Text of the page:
a. On appeal the appellant argues that the trial court should have declared a “mistrial” after the guardian's statement in chambers that she had made a baseless mandatory report. He asserts that his Sixth Amendment right to confront witnesses against him was violated because he was not present in chambers when the guardian made her statement, which was not then placed on the record. His attorney was present in chambers, however, and made no contemporaneous objection, instead objecting on the last day of the hearing after the guardian placed evidence on the record about the matter. Contrary to the appellant's argument, the guardian did not introduce unreported evidence in chambers. She reviewed the evidence given in open court the previous day and explained why she had taken the action she did.

The appellant filed an affidavit with the trial court stating that no one at DFCS could confirm a report from the guardian and inserted a footnote into his appellate brief commenting that “serious question” exists about whether the guardian made a report to anyone. The guardian explained who she called, why she called, and the resulting conversation, and from her description of events it does not appear that her actions would result in a record at DFCS that could later be uncovered. The guardian's in-chambers statement that she made this report did not constitute a denial of the appellant's right to confront witnesses against him.

b. The appellant also asserts on appeal that the guardian's statements to the court that she was required to report as a mandatory reporter caused an insurmountable “passion, bias, and prejudice in the mind[ ] of the fact finder against the defendant,” which rendered the trial court's appearance of impropriety “fatally lost” when the court did not grant a mistrial. But the appellant gave the trial court no opportunity to rule on the matter contemporaneously, waiting until the evidence had closed before asserting that the trial court should have stopped the proceedings three days earlier. The appellant cites no support for his argument that this court could find as a matter of law that the trial court was so prejudiced by allegedly inadmissible evidence that it could not have ruled properly. This enumeration is without merit.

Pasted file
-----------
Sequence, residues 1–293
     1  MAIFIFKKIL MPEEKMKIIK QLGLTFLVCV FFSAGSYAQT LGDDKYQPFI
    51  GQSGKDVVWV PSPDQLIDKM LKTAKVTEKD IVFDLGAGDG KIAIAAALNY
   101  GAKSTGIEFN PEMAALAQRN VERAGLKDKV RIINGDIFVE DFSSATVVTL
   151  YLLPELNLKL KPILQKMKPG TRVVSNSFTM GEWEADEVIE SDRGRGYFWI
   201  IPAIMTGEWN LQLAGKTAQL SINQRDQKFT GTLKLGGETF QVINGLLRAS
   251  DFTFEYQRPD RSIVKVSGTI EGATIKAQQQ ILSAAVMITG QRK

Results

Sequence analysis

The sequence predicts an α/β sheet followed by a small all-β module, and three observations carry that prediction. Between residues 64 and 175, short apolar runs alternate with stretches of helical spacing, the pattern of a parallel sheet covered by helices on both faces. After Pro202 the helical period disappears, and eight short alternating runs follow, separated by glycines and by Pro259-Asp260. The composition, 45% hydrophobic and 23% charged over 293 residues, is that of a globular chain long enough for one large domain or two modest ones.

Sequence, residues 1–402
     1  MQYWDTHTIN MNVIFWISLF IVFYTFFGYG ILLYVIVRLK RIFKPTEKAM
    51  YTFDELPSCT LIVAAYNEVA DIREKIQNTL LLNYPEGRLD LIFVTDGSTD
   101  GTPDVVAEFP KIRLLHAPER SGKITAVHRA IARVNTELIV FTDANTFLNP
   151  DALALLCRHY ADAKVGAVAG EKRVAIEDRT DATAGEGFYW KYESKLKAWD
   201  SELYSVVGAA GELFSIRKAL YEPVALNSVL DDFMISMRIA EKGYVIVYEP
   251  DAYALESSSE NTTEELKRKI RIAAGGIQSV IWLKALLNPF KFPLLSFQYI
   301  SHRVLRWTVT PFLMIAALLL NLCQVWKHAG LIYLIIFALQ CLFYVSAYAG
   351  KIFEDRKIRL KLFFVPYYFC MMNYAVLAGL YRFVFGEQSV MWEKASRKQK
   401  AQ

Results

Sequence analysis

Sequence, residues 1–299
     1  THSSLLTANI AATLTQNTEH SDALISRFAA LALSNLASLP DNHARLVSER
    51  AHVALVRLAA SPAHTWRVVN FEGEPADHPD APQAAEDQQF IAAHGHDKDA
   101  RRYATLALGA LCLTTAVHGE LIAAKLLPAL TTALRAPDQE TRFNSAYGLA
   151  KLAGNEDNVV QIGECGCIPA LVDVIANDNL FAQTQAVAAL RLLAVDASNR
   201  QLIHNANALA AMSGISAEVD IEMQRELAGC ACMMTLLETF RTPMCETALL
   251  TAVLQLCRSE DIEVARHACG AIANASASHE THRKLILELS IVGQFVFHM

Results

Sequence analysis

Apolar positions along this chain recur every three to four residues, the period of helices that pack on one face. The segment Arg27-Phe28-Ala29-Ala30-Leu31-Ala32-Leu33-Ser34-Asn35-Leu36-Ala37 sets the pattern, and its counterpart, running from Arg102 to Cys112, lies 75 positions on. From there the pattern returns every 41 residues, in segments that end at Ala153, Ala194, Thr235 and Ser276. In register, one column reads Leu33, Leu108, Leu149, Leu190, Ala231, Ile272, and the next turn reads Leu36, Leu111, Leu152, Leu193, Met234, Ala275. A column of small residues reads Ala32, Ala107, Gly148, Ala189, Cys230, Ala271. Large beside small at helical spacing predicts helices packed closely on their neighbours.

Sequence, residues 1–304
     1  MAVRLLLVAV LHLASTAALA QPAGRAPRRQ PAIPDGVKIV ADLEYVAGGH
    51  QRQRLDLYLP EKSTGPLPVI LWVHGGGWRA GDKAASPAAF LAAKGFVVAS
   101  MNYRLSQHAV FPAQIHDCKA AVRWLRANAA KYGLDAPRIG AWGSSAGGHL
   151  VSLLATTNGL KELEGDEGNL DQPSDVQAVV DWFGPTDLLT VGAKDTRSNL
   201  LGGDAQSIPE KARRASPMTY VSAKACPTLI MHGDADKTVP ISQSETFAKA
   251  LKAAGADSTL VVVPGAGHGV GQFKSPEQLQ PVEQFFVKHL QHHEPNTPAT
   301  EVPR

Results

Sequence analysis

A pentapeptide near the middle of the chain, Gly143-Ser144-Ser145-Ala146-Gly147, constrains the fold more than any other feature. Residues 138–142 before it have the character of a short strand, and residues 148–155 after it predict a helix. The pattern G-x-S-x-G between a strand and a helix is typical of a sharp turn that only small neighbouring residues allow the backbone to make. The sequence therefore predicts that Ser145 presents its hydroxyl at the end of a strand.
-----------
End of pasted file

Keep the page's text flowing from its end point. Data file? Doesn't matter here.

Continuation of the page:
4. The appellant argues that the trial court erred in interpreting the court's prior orders as forbidding the parties from allowing their expert witnesses to review the custody evaluator's report to testify about problems with the methodology used. We disagree. The orders we quoted previously are very clear that the report could be disseminated only to the parties, attorneys, and guardian unless otherwise allowed by the court. The language is not susceptible to other interpretation. Further, the parties consented to this order, and both sides had previously sought and obtained permission to reveal the contents of the report to specific people.

5. The appellant argues that, regardless of the language in the orders about the custody evaluator's report, prohibiting the appellant's expert from testifying about the report denied the appellant his due process rights. The trial court relied on the guardian's recommendations, the appellant argued, which were based on the custody evaluator's report. Thus, he contends, his ability to challenge the methodology used by the evaluator was crucial and the court erred in refusing to allow his expert to testify in this regard.

“The fundamental idea of due process is notice and an opportunity to be heard.” Nix v. Long Mountain Resources, 262 Ga. 506, 509(3) (422 S.E.2d 195) (1992). The appellant had notice that the custody evaluator's report was not to be distributed without permission from the court, and had a process available to him that would probably have allowed him to use the report. He did not avail himself of this option.

The appellant did not even give the appellee notice that he would be calling Dr. Weinstein or a second witness, and she moved to exclude their testimony altogether because she had been “ambushed.” The appellant argued that he did not update his discovery responses because he did not want to reveal his trial strategy to the opposing side, but the trial court allowed him to call the witnesses anyway, after giving the appellee an opportunity to interview them before the hearing began. We find no due process violation in the trial court's actions.